For First Nations, a child’s birth must be registered before parents can apply for a birth certificate, which in turn is needed for access to many government programs. In Ontario, Sam Erry, Assistant Deputy Minister, Central Services Division, ServiceOntario, is responsible for vital events registration and services. Erry led the development of the Aboriginal Birth Registration Initiative, a community-based approach to service delivery that leverages cross-jurisdictional platforms to enhance service bundling.
What is the Aboriginal Birth Registration Initiative and how did it come to be?
In the spring of 2009, Stan Beardy, Grand Chief of the Nishnawbe Aski Nation (a provincial territorial organization that represents 49 remote First Nations) approached key provincial and federal deputy ministers. He was concerned about the difficulties that children and adults in isolated communities face when births are not registered, and he shared with us some of the barriers to registering births in these communities. Ontario’s Aboriginal Birth Registration Initiative (ARI) grew out of this discussion.
What are the consequences of not registering a birth?
Registering the birth of a child is the first step in obtaining all the child’s identity documents. A child’s birth must be registered before parents can apply for a birth certificate – and parents need a birth certificate to apply for many government programs for the child. These include applying for Indian Status from Indian and Northern Affairs Canada, Non-Insured Health Benefits from Health Canada, a Social Insurance Number from Service Canada, Child Tax Benefits from Canada Revenue Agency and even renewing Ontario Health Insurance Coverage from the Ministry of Health and Long-Term Care.
As you can imagine, missing a child’s birth registration can have far-reaching repercussions. Not having identity documents also creates problems beyond childhood. It causes barriers to entering the labour market or, even further down the road, in applying for Old Age Security benefits.
Once this issue was brought to the government’s attention, what were the next steps in devising an initiative to address it?
One of our first steps was research. We looked at some of the service delivery challenges and opportunities that exist in isolated communities to gain a better understanding of the relationship between clients and government in Aboriginal communities. Our research helped us to identify key areas to develop solutions and provide assistance to make the birth registration process in these communities easier. Then we worked with partners to develop a solid and sustainable multi-faceted action plan to make this possible.
While ServiceOntario took the lead, we created a partnership to make it easier for residents of remote Ontario communities to register the births of their children. The partnership included Nishnawbe Aski Nation, Service Canada, Health Canada, Indian and Northern Affairs Canada, and Ontario’s Ministry of Aboriginal Affairs, Ministry of Health and Long-Term Care, Ministry of Community and Social Services, as well as the Ontario Diversity Office.
How has ServiceOntario engaged the First Nations communities?
We learned early on in working with First Nations communities that every First Nation is unique. So we had to develop a flexible and customized approach. Engaging the leadership of the community as a collaborative partner was important from the very beginning of the project – having the membership of the First Nation involved and driving the project has been vital at every step. In fact, this was a driving factor behind setting up an Ambassador Network in 15 communities across Ontario. The ambassadors are local champions of the project – they promote and move it forward within their own communities, rather than us at ServiceOntario driving the initiative from the outside.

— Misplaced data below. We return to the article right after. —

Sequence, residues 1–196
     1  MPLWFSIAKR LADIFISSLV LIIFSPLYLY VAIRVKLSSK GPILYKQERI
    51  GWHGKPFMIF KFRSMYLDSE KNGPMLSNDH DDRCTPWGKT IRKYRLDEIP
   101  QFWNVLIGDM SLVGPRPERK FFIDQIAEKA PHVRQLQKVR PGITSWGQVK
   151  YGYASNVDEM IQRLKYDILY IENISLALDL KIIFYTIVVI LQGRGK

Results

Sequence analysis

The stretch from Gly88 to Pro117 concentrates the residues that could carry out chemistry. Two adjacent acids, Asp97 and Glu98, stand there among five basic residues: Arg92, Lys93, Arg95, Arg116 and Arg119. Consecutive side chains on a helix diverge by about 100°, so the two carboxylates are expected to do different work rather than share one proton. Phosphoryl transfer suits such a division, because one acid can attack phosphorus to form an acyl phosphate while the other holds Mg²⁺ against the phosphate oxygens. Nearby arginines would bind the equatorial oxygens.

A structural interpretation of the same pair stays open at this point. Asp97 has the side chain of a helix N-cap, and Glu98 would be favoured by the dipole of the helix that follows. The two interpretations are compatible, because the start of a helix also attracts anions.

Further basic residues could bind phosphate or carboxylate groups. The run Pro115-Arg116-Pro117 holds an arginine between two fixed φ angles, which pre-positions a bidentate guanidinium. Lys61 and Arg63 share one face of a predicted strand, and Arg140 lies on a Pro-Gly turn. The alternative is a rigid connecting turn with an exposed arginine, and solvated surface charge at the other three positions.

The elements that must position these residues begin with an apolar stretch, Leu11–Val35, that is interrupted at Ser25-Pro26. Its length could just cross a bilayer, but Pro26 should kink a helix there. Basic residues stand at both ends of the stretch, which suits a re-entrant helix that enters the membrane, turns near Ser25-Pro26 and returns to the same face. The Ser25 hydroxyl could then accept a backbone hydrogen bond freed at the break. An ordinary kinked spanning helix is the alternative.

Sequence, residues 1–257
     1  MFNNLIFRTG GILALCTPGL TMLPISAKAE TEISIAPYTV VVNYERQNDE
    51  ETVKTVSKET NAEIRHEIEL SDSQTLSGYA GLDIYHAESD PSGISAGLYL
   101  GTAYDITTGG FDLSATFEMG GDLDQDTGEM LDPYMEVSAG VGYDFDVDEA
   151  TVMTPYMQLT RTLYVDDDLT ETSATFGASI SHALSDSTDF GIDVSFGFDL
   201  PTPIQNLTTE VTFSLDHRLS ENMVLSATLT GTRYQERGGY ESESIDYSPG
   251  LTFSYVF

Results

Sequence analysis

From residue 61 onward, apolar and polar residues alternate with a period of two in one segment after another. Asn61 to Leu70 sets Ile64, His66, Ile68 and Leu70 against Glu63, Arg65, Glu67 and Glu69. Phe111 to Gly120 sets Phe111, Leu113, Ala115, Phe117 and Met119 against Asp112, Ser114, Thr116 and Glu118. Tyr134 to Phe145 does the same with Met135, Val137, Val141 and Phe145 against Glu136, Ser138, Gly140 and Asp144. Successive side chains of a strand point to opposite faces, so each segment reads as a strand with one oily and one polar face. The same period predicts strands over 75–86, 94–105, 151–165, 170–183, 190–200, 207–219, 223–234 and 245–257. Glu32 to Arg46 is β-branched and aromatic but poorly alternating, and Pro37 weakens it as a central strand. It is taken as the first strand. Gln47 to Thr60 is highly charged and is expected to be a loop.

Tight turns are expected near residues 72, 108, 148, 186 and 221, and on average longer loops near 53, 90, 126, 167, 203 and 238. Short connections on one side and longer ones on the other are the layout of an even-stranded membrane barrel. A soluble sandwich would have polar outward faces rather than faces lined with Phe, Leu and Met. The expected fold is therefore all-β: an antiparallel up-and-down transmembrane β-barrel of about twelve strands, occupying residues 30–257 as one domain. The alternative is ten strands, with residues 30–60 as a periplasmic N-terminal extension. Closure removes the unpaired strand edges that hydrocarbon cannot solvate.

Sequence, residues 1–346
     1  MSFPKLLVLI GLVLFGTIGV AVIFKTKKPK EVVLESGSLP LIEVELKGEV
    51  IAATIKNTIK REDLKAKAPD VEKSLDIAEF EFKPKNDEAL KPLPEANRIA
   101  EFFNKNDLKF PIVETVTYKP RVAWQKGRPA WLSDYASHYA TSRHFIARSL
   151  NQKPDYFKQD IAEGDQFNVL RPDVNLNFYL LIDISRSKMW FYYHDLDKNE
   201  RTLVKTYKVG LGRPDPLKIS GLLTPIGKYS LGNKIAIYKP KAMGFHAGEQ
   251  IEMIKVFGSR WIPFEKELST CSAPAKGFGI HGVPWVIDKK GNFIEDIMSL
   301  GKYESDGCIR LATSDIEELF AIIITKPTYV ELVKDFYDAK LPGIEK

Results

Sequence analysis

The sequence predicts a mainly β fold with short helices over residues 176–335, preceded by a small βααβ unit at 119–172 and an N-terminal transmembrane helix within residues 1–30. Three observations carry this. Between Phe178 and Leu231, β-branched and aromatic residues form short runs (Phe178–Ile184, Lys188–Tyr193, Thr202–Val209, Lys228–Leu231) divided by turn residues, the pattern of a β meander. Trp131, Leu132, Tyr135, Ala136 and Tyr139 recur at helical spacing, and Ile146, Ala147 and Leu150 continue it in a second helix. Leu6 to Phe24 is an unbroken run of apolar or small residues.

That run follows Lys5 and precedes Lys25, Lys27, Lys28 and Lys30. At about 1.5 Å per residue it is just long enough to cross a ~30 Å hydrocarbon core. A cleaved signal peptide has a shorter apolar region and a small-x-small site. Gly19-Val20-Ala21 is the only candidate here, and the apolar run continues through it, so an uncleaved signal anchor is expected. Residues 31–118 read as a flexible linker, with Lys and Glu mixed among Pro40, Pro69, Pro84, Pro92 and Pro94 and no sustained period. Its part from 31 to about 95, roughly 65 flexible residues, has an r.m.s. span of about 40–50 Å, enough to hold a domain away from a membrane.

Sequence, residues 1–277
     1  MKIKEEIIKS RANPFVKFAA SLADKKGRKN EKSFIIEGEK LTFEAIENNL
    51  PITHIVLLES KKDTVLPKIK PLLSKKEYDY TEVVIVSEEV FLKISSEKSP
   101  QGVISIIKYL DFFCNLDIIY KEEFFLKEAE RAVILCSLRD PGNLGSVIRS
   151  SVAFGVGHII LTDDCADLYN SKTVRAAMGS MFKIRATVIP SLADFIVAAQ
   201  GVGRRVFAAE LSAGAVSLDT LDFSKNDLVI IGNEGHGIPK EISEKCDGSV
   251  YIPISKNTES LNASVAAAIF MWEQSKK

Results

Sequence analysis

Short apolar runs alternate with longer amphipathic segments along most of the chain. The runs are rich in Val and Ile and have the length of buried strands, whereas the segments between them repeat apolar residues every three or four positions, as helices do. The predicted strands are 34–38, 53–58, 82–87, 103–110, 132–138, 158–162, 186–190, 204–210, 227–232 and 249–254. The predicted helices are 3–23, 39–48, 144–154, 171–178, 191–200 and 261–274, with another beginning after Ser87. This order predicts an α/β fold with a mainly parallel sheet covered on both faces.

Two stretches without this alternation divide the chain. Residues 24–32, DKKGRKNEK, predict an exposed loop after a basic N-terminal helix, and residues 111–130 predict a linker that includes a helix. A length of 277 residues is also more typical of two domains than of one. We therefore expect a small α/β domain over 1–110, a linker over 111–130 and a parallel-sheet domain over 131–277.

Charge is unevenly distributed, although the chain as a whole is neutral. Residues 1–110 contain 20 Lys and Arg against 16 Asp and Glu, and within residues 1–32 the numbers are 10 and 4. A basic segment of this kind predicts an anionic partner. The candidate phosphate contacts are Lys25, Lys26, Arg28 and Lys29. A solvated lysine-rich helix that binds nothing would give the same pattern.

How are the ambassadors and ServiceOntario letting the First Nations communities know about the initiative?
Given the remote locations of these communities, ServiceOntario has taken a multi-faceted approach to notifying community members about the ABI. We have contacted community leaders and worked through our existing service delivery partners such as Service Canada and Ontario Works. The Ambassador Network has also been key to promoting the initiative and we have developed a toolkit of promotional and marketing materials for the Ambassadors to use in their communities.
How has the project progressed so far?
We are definitely making good progress. To date, we have piloted the Ambassador Network in 15 communities across Ontario. This means we have 22 ambassadors in these communities who are all working to increase awareness of the importance and the process of registering births. Our partner, Service Canada, is also providing assistance with delayed registration of births and birth certificate request forms during outreach visits to isolated communities.
What are your next steps?
We will continue to build relationships with First Nations and to explore new opportunities to collaborate with partners. Our goal is to expand the Aboriginal Birth Registration Initiative to all First Nations communities in Ontario.
How does this initiative tie into other Ontario government priorities?
For many Ontarians, ServiceOntario is the retail face of government. And we are making it easier for Ontarians to access the services they need from government. The ABI is just one way that we are working to deliver services that are accessible and meet the needs of all our diverse clients – whether they are in urban, rural or remote communities.